On periods of leave, the two sisters would travel and sight-see together, visiting Scotland and Paris, coming home with fond memories and humorous stories. Nevertheless, both were impacted by the tragedy of war. Blanche Thomas recalled one of her more vivid memories. “I served overseas with the occupational forces. I have a lot of sad memories. It was terrible to watch the young soldiers all in casts on their way home. One young man was pulling the hairs out of his chest, and he had sores from that. He saw his parents when he came into Montreal and nearly went crazy trying to get to them, but he wasn’t allowed out. That was one of the saddest things of my time.”

While most Indigenous personnel were treated as equals while in uniform, upon discharge things were different. Despite their service, Status Indians did not receive equal access to Veterans’ benefits or the right to vote. Mi'kmaw Keptin John Joe Sark observed, “These great men and women showed exceptional loyalty to Canada…for a country and flag that did not recognize them as citizens.”

At the end of their service, both Rachael and Blanche Thomas received two military medals: the Canadian Volunteer Service Medal with the Overseas Service Bar — granted to persons who voluntarily served on Active Service; and the War Medal 1939-1945 — awarded to all full-time personnel of the Armed Forces.

Upon returning to Canada, Rachael Thomas lived the remainder of her life in the Greater Toronto Area. She never married, choosing to retain her Indian status, which she would have lost if she had married a non-status man. Rachael took vocational training provided by the Department of Veterans Affairs and ultimately became an Aboriginal Courtworker in Hamilton, Ontario, helping to identify and repatriate victims of the Sixties Scoop. Finding justice for these children was Rachael’s greatest pride. She was involved with Indian Affairs as well as her community and was a proud member of the Army Navy Air Force Veterans in Canada (ANAF) Unit 262. Rachael Thomas spent her final years in Mississauga, where she died on November 5, 1996.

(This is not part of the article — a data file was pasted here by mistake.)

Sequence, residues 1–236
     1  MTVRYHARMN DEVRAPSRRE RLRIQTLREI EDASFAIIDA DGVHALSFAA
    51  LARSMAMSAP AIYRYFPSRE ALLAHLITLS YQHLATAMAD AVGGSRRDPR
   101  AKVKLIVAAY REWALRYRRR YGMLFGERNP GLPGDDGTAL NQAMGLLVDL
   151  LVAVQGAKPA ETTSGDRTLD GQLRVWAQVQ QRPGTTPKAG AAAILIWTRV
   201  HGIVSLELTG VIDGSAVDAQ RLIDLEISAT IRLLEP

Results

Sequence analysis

Blanche Thomas returned home after the war and moved to New Brunswick to attend Saint John Vocational School to become a beautician. While at a North End diner, Blanche and her friend overheard a Veteran army engineer give questionable administrative advice. Blanche later corrected him, adding “You have no idea what you’re talking about!” Blanche and the young man, Gerard Thomas Doucett, were married on June 27, 1947, and had six children: Geraldine (died at 2 weeks), Virginia, Thomas, Dennis Michael, Paul (died at 14 months), and Peter.